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Version: Torizon OS 6.x.y

Device Monitoring in Torizon OS


Device monitoring with Torizon encompasses several different areas of functionality related to understanding the health, status, and performance of your devices.

When we think about device monitoring, we break it down into three types of data: metrics, logs, and alerts. A metric is a numerical value that we can measure and report on a regular interval over time, like memory usage, CPU temperature, or custom data from our users' applications. Logs are just the log output that various parts of the system produce, including docker container logs, kernel logs, and application logs from journald. Alerts are special events or errors that the device wants to raise in real-time because they require attention or remediation, like when a critical application fails to launch, or the device is running out of storage space.

A monitoring agent is available that can collect all three types of data--metrics, logs, and alerts--and send it either to the Torizon Cloud Web Interface, or independently to other external services. Today, the Torizon Cloud supports metrics of all types. Out of the box, Torizon OS will report some basic system info, but you can also create and send your own custom metrics to build dashboards showing whatever data is most important to you. Log forwarding and real-time alerting are not available yet, but are planned for the future.

When investigating the best option for the monitoring agent in Torizon OS, we looked for an option that would be modular, event-driven, based on known and widely adopted standards, open-source, and with acceptable performance and resource usage on resource-constrained devices. Additionally, we wanted it to be flexible enough to handle all three types of device monitoring data. After considering all the options, we chose Fluent Bit as our monitoring agent.

Fluent Bit​

Fluent Bit is an open-source log processor and forwarder, which allows to collect any data like metrics and logs from different sources (hardware and software), enrich them with filters, and send them to multiple destinations.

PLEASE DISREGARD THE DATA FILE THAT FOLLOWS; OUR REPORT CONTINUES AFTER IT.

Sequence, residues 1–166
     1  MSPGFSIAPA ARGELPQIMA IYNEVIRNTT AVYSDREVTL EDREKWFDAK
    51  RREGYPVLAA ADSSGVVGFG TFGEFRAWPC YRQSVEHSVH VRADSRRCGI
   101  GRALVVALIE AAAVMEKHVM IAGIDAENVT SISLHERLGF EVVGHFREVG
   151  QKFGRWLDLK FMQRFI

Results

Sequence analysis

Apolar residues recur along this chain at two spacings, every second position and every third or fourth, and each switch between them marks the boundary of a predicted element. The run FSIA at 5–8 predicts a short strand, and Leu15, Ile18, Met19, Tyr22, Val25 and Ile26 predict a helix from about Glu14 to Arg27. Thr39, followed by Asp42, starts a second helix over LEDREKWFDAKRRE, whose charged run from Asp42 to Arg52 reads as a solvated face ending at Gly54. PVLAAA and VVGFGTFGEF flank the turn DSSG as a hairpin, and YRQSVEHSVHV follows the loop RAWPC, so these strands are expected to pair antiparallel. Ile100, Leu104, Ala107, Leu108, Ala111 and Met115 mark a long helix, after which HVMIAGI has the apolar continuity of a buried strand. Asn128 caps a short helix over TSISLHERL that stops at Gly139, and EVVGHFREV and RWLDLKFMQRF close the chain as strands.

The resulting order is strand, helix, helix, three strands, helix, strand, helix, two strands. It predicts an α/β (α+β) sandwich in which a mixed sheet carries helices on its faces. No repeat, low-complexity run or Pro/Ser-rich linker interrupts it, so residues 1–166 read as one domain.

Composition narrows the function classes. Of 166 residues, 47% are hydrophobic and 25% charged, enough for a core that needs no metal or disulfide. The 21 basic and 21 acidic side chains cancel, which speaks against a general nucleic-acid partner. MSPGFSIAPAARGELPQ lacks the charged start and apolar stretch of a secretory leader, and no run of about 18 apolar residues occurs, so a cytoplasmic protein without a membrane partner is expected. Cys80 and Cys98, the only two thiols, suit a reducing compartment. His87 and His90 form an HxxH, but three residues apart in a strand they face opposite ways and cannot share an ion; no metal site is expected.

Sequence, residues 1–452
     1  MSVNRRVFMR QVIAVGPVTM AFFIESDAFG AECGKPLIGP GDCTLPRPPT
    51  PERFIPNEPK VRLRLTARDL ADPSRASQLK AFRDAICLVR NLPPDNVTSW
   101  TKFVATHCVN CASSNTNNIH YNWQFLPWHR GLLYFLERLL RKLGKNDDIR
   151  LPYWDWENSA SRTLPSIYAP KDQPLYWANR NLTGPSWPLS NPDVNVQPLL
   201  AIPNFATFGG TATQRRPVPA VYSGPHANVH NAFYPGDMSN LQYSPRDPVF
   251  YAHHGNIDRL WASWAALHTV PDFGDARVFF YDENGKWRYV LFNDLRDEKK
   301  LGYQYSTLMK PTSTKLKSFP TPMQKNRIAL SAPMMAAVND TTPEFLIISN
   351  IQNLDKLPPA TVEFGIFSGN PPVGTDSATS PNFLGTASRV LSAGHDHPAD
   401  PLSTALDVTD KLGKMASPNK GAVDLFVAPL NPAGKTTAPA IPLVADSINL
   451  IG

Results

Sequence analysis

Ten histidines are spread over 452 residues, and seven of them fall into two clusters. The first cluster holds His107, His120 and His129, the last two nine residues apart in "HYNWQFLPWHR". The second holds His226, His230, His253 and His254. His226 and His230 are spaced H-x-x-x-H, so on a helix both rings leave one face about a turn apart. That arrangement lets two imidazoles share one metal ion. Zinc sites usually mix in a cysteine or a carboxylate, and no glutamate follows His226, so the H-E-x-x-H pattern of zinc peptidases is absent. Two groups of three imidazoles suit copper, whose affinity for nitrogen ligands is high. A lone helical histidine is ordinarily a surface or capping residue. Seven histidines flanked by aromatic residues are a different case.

In Fluent Bit, information is processed in a pipeline, with a very pluggable architecture. Data is collected with input plugins, filtered with filter plugins, and sent to remote servers with output plugins:

  • Input plugins: gather and parse information from different sources (CPU, disk, memory, network, temperature, processes, kernel, logs, etc).
  • Filter plugins: allow altering the data before delivering it to some destination (remove, add, change, nest, etc).
  • Output plugins: allow defining a destination for the data (Prometheus, Amazon, Azure, Google Cloud, Datadog, Elasticsearch, HTTP(S), Kafka, etc).

Fluent Bit is written in C and designed with performance in mind (high throughput with low CPU and memory usage).

For more information about the project, see the Fluent Bit official documentation.

This article complies with the Typographic Conventions for the Toradex Documentation.


In this article, you will need to execute the commands as root. You can log in as root or (better) use the sudo command when logged in with a regular user to do it.


  • A Toradex SoM with Torizon OS installed
  • An account on the Torizon Cloud

Device Monitoring Implementation in Torizon OS​

Fluent Bit is integrated and enabled in Torizon OS. By default, it's configured to monitor CPU, memory, temperature, the docker daemon, and information related to eMMC health, and send the information to the Torizon Cloud.

When you first boot Torizon OS, the Fluent Bit service will not start due to the absence of the /etc/fluent-bit/enabled file:

# systemctl status fluent-bit
* fluent-bit.service - Fluent Bit
Loaded: loaded (/usr/lib/systemd/system/fluent-bit.service; enabled; vendor preset: enabled)
Active: inactive (dead)
Condition: start condition failed at Tue 2021-09-14 07:42:15 UTC; 5h 19min ago
`- ConditionPathExists=/etc/fluent-bit/enabled was not met

Sep 14 07:42:15 colibri-imx6-10492785 systemd[1]: Condition check resulted in Fluent Bit being skipped.

As soon as the device is provisioned to the Torizon Cloud, the provisioning script will enable the Fluent Bit service by creating the /etc/fluent-bit/enabled file (unless you choose to disable it). After that, Fluent Bit will start collecting data and sending it to the Torizon Cloud. The data transport is secured using the same TLS credentials as Aktualizr-Torizon. It then send this data via an API endpoint to Torizon Cloud.

Enabling Device Monitoring​

Device monitoring is already enabled by default in Torizon OS. The only thing you need to do is provision the device to the Torizon Cloud and make sure the "Enable device metrics" box is checked. No extra steps are required.